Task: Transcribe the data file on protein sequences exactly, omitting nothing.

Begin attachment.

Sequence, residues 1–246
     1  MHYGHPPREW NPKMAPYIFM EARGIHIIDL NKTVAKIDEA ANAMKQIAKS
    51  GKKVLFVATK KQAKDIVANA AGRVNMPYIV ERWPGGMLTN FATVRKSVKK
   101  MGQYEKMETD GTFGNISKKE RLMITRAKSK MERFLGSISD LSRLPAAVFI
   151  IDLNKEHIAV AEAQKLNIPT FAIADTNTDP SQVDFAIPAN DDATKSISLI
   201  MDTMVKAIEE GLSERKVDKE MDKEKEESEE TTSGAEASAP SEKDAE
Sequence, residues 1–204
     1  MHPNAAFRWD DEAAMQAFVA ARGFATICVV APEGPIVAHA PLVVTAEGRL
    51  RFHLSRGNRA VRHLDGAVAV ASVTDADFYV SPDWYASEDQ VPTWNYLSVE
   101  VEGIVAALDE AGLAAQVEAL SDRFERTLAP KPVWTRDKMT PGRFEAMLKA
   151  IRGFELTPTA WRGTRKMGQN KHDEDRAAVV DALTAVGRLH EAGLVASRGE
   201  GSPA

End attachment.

Sequence, residues 1–246
     1  MHYGHPPREW NPKMAPYIFM EARGIHIIDL NKTVAKIDEA ANAMKQIAKS
    51  GKKVLFVATK KQAKDIVANA AGRVNMPYIV ERWPGGMLTN FATVRKSVKK
   101  MGQYEKMETD GTFGNISKKE RLMITRAKSK MERFLGSISD LSRLPAAVFI
   151  IDLNKEHIAV AEAQKLNIPT FAIADTNTDP SQVDFAIPAN DDATKSISLI
   201  MDTMVKAIEE GLSERKVDKE MDKEKEESEE TTSGAEASAP SEKDAE
Sequence, residues 1–204
     1  MHPNAAFRWD DEAAMQAFVA ARGFATICVV APEGPIVAHA PLVVTAEGRL
    51  RFHLSRGNRA VRHLDGAVAV ASVTDADFYV SPDWYASEDQ VPTWNYLSVE
   101  VEGIVAALDE AGLAAQVEAL SDRFERTLAP KPVWTRDKMT PGRFEAMLKA
   151  IRGFELTPTA WRGTRKMGQN KHDEDRAAVV DALTAVGRLH EAGLVASRGE
   201  GSPA